Using the cd Command to Navigate the Terminal

Traducciones al Español
Estamos traduciendo nuestros guías y tutoriales al Español. Es posible que usted esté viendo una traducción generada automáticamente. Estamos trabajando con traductores profesionales para verificar las traducciones de nuestro sitio web. Este proyecto es un trabajo en curso.
Create a Linode account to try this guide with a $ credit.
This credit will be applied to any valid services used during your first  days.

What is cd?

On Linux systems, cd is a command that changes the directory you are in when working in the terminal. The cd command is one of the most used commands in Linux and has several shortcuts as well as two options.

Using the cd command

To change directories using cd:

cd [option] [directory]

For example, to navigate to the directory /usr/local, you would use the following syntax:

cd /usr/local

In the previous example an absolute path name was used. However you can also use a path relative to your current location. For example, if you are in /usr/local and want to change into /usr/local/share, you can do so with the following relative path:

cd share

Shortcuts in cd

Several shortcuts are available for cd which makes navigating between directories quicker and easier.

To navigate to the parent directory relative to where you are currently, use two consecutive dots (..):

cd ..

These dots can also be stacked to move up multiple levels:

cd ../../..

To change into the root directory, no matter your current location, use a forward slash /:

cd /

To change into your home directory, no matter your current location, use a tilde ~:

cd ~

You can also change into your home directory by using the cd command without any arguments:


To change to the last location, use a hyphen -:

cd -

This shortcut is helpful to toggle between two locations with long absolute paths to type. Note that it also returns the last location’s absolute pathname.

Options in cd

cd has two options, -L and -P.

The -L option forces symbolic links to be followed. This means if you tell the cd command to change into a directory that is a symbolic link, it will follow it and move you into the directory it’s pointing at instead of the directory specified. This is the standard behavior of cd and does not need to be specified. For example, if you want to change into /var/ but that’s a symbolic link to /var/www/ by issuing the following command, you will change into /var/www/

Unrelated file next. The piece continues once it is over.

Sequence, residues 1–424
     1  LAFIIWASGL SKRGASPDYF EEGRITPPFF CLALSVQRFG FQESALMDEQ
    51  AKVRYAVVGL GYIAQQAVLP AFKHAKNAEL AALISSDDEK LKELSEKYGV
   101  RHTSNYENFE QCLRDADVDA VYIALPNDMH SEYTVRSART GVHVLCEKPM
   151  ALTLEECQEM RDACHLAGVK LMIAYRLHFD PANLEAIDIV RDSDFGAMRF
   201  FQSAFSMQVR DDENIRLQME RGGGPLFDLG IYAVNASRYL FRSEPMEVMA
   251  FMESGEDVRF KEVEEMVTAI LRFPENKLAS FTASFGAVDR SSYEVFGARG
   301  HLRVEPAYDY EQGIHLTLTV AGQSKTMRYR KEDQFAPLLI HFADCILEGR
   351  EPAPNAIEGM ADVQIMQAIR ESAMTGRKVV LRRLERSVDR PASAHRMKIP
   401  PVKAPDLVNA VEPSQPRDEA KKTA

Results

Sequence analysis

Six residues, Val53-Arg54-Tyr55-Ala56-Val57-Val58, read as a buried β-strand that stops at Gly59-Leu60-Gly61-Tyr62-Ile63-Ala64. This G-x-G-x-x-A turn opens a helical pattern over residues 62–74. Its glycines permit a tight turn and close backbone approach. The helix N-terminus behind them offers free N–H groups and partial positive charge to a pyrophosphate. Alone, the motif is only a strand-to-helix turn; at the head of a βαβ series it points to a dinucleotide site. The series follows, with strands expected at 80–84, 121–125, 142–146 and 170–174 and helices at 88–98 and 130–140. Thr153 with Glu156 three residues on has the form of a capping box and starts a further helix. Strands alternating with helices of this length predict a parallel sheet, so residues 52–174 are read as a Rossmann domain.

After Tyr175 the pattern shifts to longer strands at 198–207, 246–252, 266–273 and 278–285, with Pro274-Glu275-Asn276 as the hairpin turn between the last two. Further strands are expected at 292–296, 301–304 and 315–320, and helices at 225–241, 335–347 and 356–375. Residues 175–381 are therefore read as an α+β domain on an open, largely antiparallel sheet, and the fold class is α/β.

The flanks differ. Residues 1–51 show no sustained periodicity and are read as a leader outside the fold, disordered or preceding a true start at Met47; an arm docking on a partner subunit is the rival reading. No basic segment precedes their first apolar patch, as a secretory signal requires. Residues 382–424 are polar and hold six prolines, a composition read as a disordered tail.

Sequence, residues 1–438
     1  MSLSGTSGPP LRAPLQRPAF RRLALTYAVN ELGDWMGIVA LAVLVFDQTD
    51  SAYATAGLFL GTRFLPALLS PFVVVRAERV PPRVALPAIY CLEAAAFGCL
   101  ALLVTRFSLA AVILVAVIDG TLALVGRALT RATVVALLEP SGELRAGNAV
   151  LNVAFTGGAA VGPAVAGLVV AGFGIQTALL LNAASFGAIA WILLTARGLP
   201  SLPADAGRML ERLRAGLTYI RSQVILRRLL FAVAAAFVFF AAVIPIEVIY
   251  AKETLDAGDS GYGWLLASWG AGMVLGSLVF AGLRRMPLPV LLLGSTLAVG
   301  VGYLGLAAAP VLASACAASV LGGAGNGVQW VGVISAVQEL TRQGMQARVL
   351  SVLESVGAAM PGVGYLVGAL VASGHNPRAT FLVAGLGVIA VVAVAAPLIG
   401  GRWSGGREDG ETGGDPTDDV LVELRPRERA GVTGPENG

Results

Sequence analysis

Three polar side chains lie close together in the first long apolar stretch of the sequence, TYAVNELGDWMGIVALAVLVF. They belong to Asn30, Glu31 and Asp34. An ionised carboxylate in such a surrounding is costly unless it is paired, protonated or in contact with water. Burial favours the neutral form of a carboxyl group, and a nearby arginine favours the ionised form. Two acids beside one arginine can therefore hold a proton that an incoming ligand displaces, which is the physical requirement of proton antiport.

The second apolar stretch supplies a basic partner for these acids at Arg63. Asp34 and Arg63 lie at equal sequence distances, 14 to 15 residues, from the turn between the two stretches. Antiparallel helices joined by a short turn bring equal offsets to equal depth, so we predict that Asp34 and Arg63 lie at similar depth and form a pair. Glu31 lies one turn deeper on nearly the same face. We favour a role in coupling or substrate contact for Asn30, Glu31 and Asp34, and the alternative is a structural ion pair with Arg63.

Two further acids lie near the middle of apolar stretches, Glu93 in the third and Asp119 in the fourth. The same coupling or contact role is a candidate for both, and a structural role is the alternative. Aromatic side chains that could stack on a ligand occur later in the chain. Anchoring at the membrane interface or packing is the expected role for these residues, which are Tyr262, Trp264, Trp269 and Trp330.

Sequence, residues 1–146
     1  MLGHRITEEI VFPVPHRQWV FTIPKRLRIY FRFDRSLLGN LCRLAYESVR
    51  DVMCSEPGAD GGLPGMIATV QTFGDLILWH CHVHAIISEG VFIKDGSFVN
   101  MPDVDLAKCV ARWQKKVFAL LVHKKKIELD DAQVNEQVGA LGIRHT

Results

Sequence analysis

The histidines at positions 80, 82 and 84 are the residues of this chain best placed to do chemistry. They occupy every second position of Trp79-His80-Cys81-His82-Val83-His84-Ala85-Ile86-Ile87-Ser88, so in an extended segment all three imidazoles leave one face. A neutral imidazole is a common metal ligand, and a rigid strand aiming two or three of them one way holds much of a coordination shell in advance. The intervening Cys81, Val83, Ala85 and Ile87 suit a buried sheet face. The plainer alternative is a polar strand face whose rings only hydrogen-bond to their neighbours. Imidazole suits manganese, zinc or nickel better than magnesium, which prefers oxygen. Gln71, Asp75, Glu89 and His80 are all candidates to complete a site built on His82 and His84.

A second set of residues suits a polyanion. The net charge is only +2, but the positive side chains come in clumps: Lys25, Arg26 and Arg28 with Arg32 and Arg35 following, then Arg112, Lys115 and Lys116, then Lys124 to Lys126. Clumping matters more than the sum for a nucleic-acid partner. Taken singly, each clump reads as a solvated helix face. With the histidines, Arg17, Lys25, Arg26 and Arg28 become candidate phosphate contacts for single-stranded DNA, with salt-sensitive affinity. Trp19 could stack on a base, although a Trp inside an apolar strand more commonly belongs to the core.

cd -L /var/

The -P option tells cd to use the physical directory structure and not to follow symbolic links. If you use this option, instead of navigating to where the symbolic link points to, you will change into the physical directory, if it exists. If the directory does not exist, the system will alert you with a directory does not exist error and you will remain in the current directory. For example, say you want to cd to a symbolic link /var/ that points to /var/www/, you will simply change into the directory and not follow the link:

cd -P /var/
If both -L and -P are specified, the -P option will be ignored.

This page was originally published on

Your Feedback Is Important

Let us know if this guide was helpful to you.

Join the conversation.
Read other comments or post your own below. Comments must be respectful, constructive, and relevant to the topic of the guide. Do not post external links or advertisements. Before posting, consider if your comment would be better addressed by contacting our Support team or asking on our Community Site.
The Disqus commenting system for Linode Docs requires the acceptance of Functional Cookies, which allow us to analyze site usage so we can measure and improve performance. To view and create comments for this article, please update your Cookie Preferences on this website and refresh this web page. Please note: You must have JavaScript enabled in your browser.